This is another abuse and another abuse of power on the part of the devil. It smells of sulfur here, but God is with us and I embrace you all.
However, Trump’s pattern of demonization tends to be tinged with violent rhetoric, such as his comments that 2nd amendment supporters have “ways” to prevent judges from being named, and that Clinton should consider forgoing Secret Service protection. Demonization of Hispanics and Muslims may already have inspired actual violence.
The demonization of Vladimir Putin
These days, demonization is not just the province of Trump. We are deluged by depictions of a thuggish, kleptocratic regime led by Vladimir Putin in which reporters and political opponents are mysteriously murdered. Taken together with events in Crimea, Ukraine, Syria and especially Aleppo, it can be difficult to believe Putin is not the essence of evil.
Of course, Trump’s bromantic infatuation with Putin’s “toughness,” his fantasy-world depiction of Russia, Iran and Syria merrily targeting ISIS and his complete denial of US intelligence conclusions regarding Russian interference in Ukraine, not to mention the US presidential campaign, is unseemly at best. Frankly, it is almost unbearable to envision Trump in Putin’s dacha’s sauna as they down shots of vodka (or just orange juice, for the Donald), roll in the snow, and gently whip each other’s naked sweaty backs with willow switches.
Nonetheless, not everything Trump says—such as the idea of not-demonizing Putin--is wrong.
In fact, a strong argument can be made that Putin is quite a rational actor, and that misguided policies by successive US governments have triggered some of his actions.
For that reason, it was encouraging to hear Hillary Clinton note in the 2nd debate her experience in negotiating agreements of mutual interest with Putin.
The demonization of Donald Trump vs the MacArthur alternative
If we look beyond the election, demonizing Donald Trump, very popular among despairing newspaper columnists these days, is probably not a long-lasting solution answer either. It is perhaps worth reflecting as to how some in the political establishment once handled another serious threat to American democracy, a charismatic figure with presidential ambitions who also didn’t want to participate in a traditional campaign: General Douglas MacArthur, hero of the Pacific battles in World War II and military ruler of the defeated Japan.
As Commander of United Nations forces in the Korean War, MacArthur openly advocated the bombardment of China and its invasion by Chiang Kai-shek’s troops, in the process utterly disregarding the potential for nuclear war, and directly challenging the war policies and authority of then-unpopular President Truman.
In April 1951 he was dismissed by Truman for insubordination, but as vividly described by Robert Caro, MacArthur’s “forceful, colorful rhetoric” and “his hold on the public imagination,” subsequently led to a series of wildly popular rallies in San Francisco and New York. He gave a nationally televised speech to a Joint Session of Congress that elicited a rapturous response.
Caro quotes a Senator saying,
“This is new to my experience; I have never feared more for the institutions of my country. I honestly felt back there if the speech had gone on much longer there might have been a march on the White House.”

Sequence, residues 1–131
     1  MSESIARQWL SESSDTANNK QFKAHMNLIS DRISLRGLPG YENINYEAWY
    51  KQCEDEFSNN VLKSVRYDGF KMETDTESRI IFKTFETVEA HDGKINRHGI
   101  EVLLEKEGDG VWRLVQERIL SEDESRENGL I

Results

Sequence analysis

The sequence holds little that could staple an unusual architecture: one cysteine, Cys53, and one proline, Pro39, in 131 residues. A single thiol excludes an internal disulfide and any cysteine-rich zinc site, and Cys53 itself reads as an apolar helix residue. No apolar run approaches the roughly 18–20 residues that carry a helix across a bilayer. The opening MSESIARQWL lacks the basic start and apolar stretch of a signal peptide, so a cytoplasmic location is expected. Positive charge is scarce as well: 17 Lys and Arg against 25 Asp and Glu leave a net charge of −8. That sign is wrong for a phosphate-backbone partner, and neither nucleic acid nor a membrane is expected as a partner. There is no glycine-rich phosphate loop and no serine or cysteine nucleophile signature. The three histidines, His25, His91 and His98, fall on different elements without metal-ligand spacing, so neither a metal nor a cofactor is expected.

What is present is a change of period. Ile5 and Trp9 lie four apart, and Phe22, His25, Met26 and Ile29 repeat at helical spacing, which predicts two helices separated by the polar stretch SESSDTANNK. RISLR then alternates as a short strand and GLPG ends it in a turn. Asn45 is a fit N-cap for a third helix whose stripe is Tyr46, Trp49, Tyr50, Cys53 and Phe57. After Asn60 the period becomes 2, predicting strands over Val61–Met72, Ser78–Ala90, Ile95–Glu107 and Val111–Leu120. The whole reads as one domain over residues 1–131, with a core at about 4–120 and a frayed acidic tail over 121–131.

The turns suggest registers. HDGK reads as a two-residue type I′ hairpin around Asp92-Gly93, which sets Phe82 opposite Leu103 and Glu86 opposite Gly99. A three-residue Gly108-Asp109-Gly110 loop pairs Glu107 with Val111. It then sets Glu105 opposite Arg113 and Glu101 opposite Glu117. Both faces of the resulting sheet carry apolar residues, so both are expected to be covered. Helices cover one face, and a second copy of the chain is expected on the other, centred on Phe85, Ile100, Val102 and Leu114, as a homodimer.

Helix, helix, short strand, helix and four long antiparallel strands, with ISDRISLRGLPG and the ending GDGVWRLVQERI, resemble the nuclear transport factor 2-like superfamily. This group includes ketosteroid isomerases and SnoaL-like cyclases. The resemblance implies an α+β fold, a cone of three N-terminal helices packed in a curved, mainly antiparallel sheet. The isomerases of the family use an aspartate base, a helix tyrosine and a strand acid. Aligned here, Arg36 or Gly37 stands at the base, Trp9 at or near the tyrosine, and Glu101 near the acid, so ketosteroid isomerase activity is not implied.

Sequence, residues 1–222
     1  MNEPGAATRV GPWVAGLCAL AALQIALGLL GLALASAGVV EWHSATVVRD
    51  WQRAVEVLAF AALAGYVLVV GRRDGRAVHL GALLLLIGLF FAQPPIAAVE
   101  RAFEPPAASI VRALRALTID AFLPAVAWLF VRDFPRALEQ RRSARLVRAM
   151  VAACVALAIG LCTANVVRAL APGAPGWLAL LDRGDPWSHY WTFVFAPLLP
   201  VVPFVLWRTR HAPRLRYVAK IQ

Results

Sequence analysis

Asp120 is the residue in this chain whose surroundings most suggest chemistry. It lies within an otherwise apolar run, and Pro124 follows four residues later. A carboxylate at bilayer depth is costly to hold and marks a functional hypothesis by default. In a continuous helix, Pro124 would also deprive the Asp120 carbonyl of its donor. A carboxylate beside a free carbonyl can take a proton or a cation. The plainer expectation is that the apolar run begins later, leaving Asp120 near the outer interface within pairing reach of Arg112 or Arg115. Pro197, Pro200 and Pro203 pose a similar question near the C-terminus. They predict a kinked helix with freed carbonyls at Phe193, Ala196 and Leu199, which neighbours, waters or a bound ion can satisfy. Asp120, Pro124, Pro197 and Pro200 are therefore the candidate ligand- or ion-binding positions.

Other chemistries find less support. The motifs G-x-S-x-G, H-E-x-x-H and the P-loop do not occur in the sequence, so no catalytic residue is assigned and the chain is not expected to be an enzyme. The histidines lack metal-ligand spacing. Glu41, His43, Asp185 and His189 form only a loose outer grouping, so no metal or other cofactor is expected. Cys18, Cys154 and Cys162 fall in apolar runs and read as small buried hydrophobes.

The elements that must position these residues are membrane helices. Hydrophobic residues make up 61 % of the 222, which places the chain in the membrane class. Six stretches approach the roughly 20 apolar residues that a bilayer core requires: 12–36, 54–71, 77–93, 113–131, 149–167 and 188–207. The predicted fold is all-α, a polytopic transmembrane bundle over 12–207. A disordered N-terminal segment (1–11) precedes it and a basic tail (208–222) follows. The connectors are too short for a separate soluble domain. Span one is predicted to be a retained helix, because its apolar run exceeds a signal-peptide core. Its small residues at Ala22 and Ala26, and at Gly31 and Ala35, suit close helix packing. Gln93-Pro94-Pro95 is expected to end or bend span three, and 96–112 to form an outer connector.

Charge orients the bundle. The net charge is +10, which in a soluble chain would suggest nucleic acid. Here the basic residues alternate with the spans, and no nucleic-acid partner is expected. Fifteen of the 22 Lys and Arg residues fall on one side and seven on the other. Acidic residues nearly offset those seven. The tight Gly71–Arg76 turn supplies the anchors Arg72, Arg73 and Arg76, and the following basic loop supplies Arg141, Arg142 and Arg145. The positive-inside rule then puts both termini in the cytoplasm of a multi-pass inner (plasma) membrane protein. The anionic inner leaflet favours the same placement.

That speech was followed by a parade down Pennsylvania Avenue that further crystallized the fears of many. One journalist recalled it as
“the only time in my life that I ever felt my government to be fragile…. I’ll never forget watching him go up Pennsylvania Avenue. I had a very strong feeling that had he said ‘Come on, let’s take it’ and had started to charge toward the White House…. [T]he adoring crowds that thronged the streets would have gone with him.”
This threat was eventually defused by allowing MacArthur (and other generals and officials) to offer their views within the context of a Congressional hearing on US administration policies in Korea. The hearing was managed in a way that showed how isolated and uninformed MacArthur really was, and allowed passions to ebb.
In Caro’s retelling, there appear to be two key elements here: first, the involvement of a senior, well-respected conservative political leader (segregationist Georgia Senator Richard Russell). Through the use of cogent questioning of MacArthur and eminent witnesses, Russell helped to courteously, dispassionately, and systematically dismantle MacArthur’s uninformed and delusional ideas.
Secondly, the hearings were carried out in a controlled setting, in untelevised Senate Hearing Rooms, which precluded both revelation of secrets as well as grandstanding displays to the masses, and which took place over a period of several days. MacArthur wasn’t demonized, but shown to be naïve, absurd, and dangerous.
In and amongst his intensified ravings about rigged elections, Trump recently launched a thunderous tweet based on zero evidence that the firebombing of GOP headquarters in Orange County, North Carolina was carried out by “animals representing Hillary Clinton and Dems.” As far as I can tell no other Republicans, not even Breitbart and Fox News, have yet echoed these Reichstag-like accusations, but neither have they condemned them.
Where are the calm, right-wing Republicans here who perceive Trump as a threat to American democracy? Will any stand up to forcefully and dispassionately dismantle Trump’s wild claims that the devil’s supporters are violently attacking the Republican Party, and that US elections are rigged?
If not, perhaps it’s time to only let women vote.
If not, perhaps it’s time to only let women vote.